• Or perhaps they want a how-to piece like “How to get your art licensed by a major brand in 3 simple steps.”

 

The options are limitless. The idea is to figure out what unique angle will get you noticed and resonate with the person you are pitching to and that person or organization’s audience.

 

 

Step #3: Craft a Compelling Pitch

 

If you want a writer or influencer to talk about you or have you on their show, the key is to make it way more about them then it is about you.

 

I know it sounds counterintuitive, but trust me, that’s how it works. These people receive way more emails than they can read in a day, so they have a very good B.S. radar. Your pitch should be personalized and tailored to the person you are reaching out to. If it looks like an email you’ve copy-pasted 100 times, it will be deleted even before it’s read.

 

Your pitch should be short, sweet, and include the following 4 ingredients:

1 – Recognition for their work: Show the person that you know them and their work, and that you appreciate their contribution.

2 – Introduce yourself: Keep it short and personal. Tell them who you are, what you do, AND why you do it.

3 – Offer your best ideas: Include  1, 2, or 3 (no more) specific topics you could speak on that would resonate with their audience.

4 – Be grateful: Thank them for the opportunity and invite them to connect over the phone if they’d like to discuss these ideas further.

 

The key here is to be extremely specific. As you proofread your pitch, ask yourself “why should they care?” at the end of each sentence to make sure you get your point across and that the reader really understands WHY you are a good fit for them.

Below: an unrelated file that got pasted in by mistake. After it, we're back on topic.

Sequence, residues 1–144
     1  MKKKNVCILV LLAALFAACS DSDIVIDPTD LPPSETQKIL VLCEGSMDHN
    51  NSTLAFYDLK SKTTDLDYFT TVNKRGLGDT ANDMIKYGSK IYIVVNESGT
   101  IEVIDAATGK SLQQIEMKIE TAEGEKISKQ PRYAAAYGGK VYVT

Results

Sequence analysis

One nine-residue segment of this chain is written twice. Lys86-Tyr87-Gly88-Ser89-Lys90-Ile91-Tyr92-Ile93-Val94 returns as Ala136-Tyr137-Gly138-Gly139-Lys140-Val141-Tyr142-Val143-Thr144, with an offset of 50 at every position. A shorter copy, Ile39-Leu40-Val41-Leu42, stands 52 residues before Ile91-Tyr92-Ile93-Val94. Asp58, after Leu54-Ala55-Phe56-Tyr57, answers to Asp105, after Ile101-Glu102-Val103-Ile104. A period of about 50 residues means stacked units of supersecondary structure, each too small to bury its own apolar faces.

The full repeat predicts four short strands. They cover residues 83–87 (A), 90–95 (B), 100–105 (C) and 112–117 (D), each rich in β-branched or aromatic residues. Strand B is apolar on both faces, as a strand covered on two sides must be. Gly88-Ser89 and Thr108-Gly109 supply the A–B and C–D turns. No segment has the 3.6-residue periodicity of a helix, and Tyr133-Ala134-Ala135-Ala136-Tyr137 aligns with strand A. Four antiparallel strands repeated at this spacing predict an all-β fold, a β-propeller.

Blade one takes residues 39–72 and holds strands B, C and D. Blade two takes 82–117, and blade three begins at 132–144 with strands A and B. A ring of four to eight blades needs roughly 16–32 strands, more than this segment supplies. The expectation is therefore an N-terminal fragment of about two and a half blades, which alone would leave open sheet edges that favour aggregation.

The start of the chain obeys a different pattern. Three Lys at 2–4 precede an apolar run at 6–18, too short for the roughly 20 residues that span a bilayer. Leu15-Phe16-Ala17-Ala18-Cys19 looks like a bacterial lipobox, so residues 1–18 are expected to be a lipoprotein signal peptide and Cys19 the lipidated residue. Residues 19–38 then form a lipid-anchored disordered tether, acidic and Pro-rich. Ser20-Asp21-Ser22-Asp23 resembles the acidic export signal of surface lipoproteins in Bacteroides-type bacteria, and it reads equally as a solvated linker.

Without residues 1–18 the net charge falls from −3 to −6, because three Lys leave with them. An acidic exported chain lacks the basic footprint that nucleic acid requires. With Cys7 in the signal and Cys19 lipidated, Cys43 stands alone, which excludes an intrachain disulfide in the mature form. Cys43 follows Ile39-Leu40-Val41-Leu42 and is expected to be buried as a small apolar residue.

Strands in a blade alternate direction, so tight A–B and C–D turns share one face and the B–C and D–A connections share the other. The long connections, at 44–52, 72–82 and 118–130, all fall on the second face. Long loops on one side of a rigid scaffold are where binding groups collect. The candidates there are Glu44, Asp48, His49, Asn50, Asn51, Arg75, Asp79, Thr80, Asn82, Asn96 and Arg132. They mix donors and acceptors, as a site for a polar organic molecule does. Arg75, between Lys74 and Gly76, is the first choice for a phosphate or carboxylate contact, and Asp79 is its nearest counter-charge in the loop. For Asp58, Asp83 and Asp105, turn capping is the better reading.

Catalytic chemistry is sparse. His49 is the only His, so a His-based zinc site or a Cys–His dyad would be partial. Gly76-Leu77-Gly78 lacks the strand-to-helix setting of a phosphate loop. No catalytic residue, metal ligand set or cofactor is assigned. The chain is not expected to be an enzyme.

For example: “I love your podcast, I listen to it every week!”

Now, let’s add a WHY: “I love how your podcast addresses issues that us moms-artists-entrepreneurs face daily! I listen every week, it reminds me that I’m not alone in my journey and inspires me to share my passion for color and light with the world.”

 

See the difference? I thought you would.

 

Also, make sure you have a compelling and intriguing subject line if you want your email to get opened.

 

One last thing, if you don’t hear back within a week, don’t take it personally. Just send them a short, polite, and amiable follow-up email. They might have simply missed your email, or maybe your timing was bad. If you still don’t hear from them, wait a couple of months, tweak your pitch, and send it again.

 

Remember, getting visibility for you and your work takes perseverance, but building your street credibility can do wonders for your art business!

 

Looking for fresh, innovative ways to increase your art sales? Download my free “7 Ways to Increase Your Sales in 90 Days” cheat sheet here.

 

Catherine Orer - Business + PR Strategist for Artists and Creative Entrepreneurs

Catherine Orer Business + PR Strategist for Artists and Creative Entrepreneurs

 

Catherine Orer is a Business and PR Strategist for artists and creative entrepreneurs. Her extensive marketing and communications experience in the corporate sector and in the contemporary art market inspired her to found The Artist Entrepreneur, where she empowers artists to build personally fulfilling and financially successful businesses with marketing, PR, and sales strategies that actually work. Catherine also teaches at iCMTL, a not-for-profit business incubator dedicated to cultural and creative entrepreneurs, and sits on the board of the Sylvie and Simon Blais Foundation, which is dedicated to promoting new practices in contemporary art.


 

Once you get your press coverage, be sure to share it! Check out this fabulous press coverage that came out this week for ArtLicensingShow.com artist Lisa Peruchini’s licensing deal for her Everybody’s Angel product line!

Lisa Peruchini Art Licensing News Feature

Lisa Peruchini Art Licensing News Feature